Subject: Re: port-xen/29887: sysctl kern.consdev coredumps
To: Nathan J. Williams <email@example.com>
From: Bill Studenmund <firstname.lastname@example.org>
Date: 06/21/2005 12:48:10
Content-Type: text/plain; charset=us-ascii
On Tue, Jun 21, 2005 at 12:50:55PM -0400, Nathan J. Williams wrote:
> Bill Studenmund <wrstuden@NetBSD.org> writes:
> > Uhm, I don't remember saying I don't want core dumps. They can be VERY=
> > valuable. However I don't want a core dump to tell me I had a crash in =
> > error-handling log message. A core telling me I had a crash in code=20
> > handling a case I _should_ be handling (or should be protecting against=
> > that's fine.
> How does printf() distinguish when it's being called to print a log
> message and when it's being called, say, to generate normal
> application output? It doesn't. Not coring in the error situation is
> very much a special-case desire.
I disagree. While I agree I spoke of error handling above, I believe it's=
perfectly reasonable to not core dump in the common case, so I don't see=20
this as a special-case. :-) More below....
> > I'm still not getting how printf() or puts() not coring is incorrect=20
> > behavior. The strongest I've heard so far is that the behavior is=20
> > undefined and up to the implementation. I have not heard a requirement=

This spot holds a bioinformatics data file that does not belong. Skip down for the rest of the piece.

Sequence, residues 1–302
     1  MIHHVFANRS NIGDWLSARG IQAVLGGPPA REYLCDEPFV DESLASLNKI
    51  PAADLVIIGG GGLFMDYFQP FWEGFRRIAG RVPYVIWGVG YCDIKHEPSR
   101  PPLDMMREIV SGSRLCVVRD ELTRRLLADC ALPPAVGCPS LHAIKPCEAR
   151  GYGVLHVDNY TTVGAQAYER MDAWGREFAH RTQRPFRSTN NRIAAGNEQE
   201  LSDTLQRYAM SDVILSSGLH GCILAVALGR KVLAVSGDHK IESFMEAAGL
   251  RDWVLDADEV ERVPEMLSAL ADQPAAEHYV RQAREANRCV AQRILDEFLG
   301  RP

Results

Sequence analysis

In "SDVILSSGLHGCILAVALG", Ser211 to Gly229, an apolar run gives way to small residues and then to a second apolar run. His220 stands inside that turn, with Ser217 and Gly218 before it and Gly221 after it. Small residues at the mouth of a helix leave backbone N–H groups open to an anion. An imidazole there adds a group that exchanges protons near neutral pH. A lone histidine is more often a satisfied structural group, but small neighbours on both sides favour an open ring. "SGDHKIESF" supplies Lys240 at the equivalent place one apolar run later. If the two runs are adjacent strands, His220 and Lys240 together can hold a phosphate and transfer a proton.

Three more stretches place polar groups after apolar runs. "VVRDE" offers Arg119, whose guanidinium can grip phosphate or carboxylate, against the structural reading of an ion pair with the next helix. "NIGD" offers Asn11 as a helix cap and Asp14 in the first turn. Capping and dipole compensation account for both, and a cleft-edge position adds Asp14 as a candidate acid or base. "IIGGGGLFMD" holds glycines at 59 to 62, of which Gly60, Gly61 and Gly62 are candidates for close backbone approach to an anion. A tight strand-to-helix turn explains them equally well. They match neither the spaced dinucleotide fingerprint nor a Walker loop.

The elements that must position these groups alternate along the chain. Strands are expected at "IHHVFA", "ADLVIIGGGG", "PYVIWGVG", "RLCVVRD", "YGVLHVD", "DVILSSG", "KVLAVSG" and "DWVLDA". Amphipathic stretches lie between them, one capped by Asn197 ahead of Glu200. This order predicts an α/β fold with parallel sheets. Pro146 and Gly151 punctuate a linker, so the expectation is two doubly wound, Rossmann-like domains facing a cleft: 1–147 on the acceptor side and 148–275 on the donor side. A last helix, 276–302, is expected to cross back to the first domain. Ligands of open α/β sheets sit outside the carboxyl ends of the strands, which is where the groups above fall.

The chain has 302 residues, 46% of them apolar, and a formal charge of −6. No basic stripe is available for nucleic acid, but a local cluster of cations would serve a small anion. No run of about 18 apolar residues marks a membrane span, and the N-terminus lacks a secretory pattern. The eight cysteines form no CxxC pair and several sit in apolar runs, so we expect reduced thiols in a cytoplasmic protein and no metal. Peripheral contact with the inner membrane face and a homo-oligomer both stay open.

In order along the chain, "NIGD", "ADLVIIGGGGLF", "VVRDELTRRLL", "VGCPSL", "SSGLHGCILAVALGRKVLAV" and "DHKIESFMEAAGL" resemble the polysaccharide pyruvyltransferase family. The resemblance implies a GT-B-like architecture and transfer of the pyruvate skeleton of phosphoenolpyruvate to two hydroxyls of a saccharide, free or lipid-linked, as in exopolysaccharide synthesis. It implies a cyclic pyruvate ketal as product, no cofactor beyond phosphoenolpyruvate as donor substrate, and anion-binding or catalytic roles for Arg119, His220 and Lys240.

> > that the implementation has to crash. Yes, I do agree that a program=20
> > operating in a standardized environment (-std=3D<foo> or -ansi or such)=
> > should not ASSUME that it can do it, but I haven't heard someone quote=
> > that we MUST crash.
> I don't think anyone is arguing that we are REQUIRED to crash, merely
> that it's a BETTER IDEA than not crashing. The term of art that I
> would apply here is "fail-fast": when the application's state is
> corrupted, it should crash as soon as possible, so as to make the
> crash closest to the corruption and prevent any further corruption of
I agree with that idea. I actually agree VERY strongly. I believe however
that it is more expedient, both in terms of code and reliability, to let a
printf() succeed even if it's passed a NULL string.
If the program is trying to printf() something, it's trying to say=20
something. Whether or not it's in unrecoverable error land or not, my=20
experience is it's easier to figure out what's wrong if you see=20
"client=3D(null)" or some such in an output file rather than getting a core=
dump. Yes, you can figure it out from the core dump, but the printf says=20
While I agree with the "fail-fast" idea, I feel we get more information
with letting a printf() (or puts()) report "(null)" than core dump. I mean
if a program is blindly using the string, then it will core dump soon
AFTER the printf(). :-) The only case where this printf() behavior would
avert a core dump is if the program doesn't use the NULL-string after the
printf(). So we get output (we learn what's going on in the program) and
we have no crash.
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